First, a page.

Below you can find a complete list of Dominican animals. We currently track 214 animals in the Dominican Republic and are adding more every day!
Types of Animals in the Dominican Republic
The Dominican Republic is a country on the Caribbean island of Hispaniola. Maintaining a cool, tropical climate over gorgeous mountains and jungles bordered by over 900 miles of coastline, many types of wildlife, both native and introduced, can be found roaming the country.
Mammals, such as Hispaniolan Solenodons, Hispaniolan hutias, and common raccoons, coexist along with reptiles like snakes and lizards. Hundreds of bird species, namely the Hispaniolan Emerald hummingbirds, flit through the sky and reside in the trees.
Amongst the 20 mammal species found, 2 are native, while 32 bird species are native to the DR.
The Dominican Republic is a resting place for hundreds of transient species migrating in and out, along with the 32 species endemic to the country. Several of the most common birds to see in the DR include:
- Waterfowl (geese, ducks, etc)
- Pidegons, doves
The terrain in the Dominican Republic is highly diverse, contributing to the diversity of species found there. Because the DR is A few endemic species are particularly rare, including La Selle Thrush (Turdus swalesi) found in the cloud forests along with the Hispaniolan Pewee (Contopus hispaniolensis) and the Bicknell’s Thrush (Catharus bicknelli), both residing in the alpine pine forests.
The Dominican Republic is surrounded by the Atlantic Ocean and the beautiful Caribbean Ocean. The Dominican Republic is highly attractive to anglers all over the world who come in to fish its marine waters. Some popular fish for anglers to find in the country are:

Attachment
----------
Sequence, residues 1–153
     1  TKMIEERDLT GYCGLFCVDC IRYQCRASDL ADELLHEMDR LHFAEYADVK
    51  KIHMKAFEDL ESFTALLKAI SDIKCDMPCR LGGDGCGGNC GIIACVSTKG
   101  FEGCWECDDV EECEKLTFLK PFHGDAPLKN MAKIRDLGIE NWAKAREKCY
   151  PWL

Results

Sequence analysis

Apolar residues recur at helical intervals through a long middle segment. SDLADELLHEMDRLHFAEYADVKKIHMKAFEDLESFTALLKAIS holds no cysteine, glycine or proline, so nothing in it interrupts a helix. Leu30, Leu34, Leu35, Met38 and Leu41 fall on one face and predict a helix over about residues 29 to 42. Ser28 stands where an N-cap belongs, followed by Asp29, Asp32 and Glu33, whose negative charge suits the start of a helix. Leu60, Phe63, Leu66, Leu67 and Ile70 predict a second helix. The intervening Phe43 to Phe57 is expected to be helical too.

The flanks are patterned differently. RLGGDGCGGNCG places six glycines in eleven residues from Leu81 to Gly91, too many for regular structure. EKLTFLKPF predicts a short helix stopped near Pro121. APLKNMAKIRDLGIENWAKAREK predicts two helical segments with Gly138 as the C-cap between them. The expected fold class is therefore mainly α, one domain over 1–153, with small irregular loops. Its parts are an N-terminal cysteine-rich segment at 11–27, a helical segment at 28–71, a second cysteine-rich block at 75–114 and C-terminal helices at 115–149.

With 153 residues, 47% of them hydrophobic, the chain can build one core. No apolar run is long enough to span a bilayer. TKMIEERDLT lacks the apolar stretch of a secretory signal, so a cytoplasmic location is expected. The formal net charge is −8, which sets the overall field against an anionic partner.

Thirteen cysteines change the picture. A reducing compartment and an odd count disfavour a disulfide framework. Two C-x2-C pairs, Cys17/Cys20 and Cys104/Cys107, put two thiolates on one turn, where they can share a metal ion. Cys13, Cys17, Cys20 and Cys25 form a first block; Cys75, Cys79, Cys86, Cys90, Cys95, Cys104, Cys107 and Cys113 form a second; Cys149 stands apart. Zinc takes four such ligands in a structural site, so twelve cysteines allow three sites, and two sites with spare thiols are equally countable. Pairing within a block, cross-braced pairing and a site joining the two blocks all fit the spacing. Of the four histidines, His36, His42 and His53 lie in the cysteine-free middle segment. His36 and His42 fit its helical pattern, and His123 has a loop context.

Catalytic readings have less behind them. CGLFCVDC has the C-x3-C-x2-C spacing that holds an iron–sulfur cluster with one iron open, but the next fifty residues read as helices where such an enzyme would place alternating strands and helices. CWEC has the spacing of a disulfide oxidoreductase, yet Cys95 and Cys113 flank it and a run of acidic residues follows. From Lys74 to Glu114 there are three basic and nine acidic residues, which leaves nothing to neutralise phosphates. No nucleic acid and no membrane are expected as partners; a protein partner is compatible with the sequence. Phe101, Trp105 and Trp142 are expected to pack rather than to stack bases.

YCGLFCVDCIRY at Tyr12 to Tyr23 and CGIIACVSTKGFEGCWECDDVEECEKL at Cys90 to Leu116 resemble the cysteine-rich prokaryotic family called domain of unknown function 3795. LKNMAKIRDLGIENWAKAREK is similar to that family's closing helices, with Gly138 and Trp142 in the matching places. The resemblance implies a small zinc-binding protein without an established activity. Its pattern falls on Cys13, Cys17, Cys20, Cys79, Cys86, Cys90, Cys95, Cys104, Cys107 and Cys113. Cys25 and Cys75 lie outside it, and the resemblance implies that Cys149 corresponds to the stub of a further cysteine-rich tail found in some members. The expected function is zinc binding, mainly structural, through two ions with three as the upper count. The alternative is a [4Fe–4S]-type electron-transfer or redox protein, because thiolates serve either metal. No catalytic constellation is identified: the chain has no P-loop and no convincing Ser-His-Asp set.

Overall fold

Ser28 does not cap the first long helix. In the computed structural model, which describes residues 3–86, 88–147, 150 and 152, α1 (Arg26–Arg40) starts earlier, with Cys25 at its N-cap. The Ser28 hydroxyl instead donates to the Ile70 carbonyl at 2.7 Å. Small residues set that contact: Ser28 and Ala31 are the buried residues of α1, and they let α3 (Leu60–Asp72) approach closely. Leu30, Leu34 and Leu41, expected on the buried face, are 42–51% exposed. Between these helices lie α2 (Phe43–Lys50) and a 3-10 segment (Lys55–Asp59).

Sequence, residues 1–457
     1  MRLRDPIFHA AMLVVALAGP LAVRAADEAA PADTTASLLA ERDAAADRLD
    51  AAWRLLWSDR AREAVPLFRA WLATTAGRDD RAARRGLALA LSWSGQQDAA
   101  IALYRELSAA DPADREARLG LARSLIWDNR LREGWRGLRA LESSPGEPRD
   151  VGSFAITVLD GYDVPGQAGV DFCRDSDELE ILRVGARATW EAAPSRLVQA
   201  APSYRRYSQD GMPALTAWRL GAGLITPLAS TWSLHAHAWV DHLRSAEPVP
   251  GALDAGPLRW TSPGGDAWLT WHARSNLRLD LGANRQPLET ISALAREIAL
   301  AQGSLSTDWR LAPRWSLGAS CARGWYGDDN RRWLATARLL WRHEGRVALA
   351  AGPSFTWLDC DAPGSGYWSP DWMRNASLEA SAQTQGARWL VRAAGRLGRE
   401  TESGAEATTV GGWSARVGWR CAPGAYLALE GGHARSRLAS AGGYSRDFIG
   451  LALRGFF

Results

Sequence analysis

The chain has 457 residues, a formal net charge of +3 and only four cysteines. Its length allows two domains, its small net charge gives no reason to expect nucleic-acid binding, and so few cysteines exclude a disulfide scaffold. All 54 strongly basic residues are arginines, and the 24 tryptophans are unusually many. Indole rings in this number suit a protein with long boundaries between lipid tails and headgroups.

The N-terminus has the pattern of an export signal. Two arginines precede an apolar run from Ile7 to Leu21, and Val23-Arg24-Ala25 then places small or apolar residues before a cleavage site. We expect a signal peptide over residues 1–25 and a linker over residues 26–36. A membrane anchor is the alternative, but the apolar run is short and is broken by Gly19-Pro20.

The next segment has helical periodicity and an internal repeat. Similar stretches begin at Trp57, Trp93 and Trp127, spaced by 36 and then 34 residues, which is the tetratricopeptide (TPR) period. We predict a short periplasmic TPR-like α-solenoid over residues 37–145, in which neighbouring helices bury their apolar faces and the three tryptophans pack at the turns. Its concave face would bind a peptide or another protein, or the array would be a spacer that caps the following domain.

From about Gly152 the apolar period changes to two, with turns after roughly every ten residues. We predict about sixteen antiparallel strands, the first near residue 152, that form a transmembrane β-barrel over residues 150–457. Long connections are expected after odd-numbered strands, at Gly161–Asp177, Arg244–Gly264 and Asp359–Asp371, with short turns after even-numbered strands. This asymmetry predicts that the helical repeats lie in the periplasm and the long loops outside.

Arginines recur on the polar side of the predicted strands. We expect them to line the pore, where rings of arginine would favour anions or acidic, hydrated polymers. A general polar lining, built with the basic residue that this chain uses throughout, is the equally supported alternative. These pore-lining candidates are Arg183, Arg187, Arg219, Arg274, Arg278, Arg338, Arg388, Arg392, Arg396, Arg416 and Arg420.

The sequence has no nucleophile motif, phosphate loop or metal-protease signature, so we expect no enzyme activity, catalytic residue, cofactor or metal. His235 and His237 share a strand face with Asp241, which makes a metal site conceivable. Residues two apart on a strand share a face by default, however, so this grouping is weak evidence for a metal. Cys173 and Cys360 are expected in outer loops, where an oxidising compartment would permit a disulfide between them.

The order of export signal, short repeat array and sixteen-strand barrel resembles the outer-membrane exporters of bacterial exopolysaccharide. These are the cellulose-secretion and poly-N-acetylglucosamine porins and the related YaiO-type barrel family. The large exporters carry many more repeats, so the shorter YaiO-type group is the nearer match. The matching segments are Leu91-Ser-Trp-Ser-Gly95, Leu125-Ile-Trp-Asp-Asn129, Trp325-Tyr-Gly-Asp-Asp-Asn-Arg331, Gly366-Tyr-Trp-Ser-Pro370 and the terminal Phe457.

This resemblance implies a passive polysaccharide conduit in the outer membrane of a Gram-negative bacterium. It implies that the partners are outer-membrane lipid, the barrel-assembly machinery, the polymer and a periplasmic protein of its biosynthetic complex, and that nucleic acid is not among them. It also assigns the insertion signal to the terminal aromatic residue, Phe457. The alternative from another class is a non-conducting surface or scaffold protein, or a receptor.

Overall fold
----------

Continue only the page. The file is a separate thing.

Seasons change for different species’ availability. Mahi Mahi (Dorado) and Wahoo are present year-round and probably the most commonly caught, both fun and easy to catch. Large, Yellowfin tuna are available between March-August and are hugely popular as a catch-to-eat fish, as some of these fish Amy reach around 400lb.
Probably the most exciting fish drawing anglers to the DR are Blue and White Marlin, followed closely by Sailfish and Swordfish. White Marlin can be found from March to July, while Blue Marlin comes around from June until October. Blue Marlin has the capacity to reach up to 1,000lb, making it a goal for experienced anglers everywhere to catch one at least once.
Sailfish, one of the fastest fish in the world, are more popular during the winter months of November to the beginning of March and Swordfish tend to crop up at the end of summer.
Alternatively, there are many native species found in freshwater sources, as well. A variety of Limia species, Pupfish species, Molly, and Rivulus fish are endemic to the DR’s freshwater.
Rarest Animals found in the Dominican Republic
The Dominican Republic is home to a number of rare and endangered animal species that are found nowhere else in the world.
One of the rarest animals in the country is the Hispaniolan solenodon, which is a small, insect-eating mammal that is classified as endangered by the International Union for Conservation of Nature (IUCN).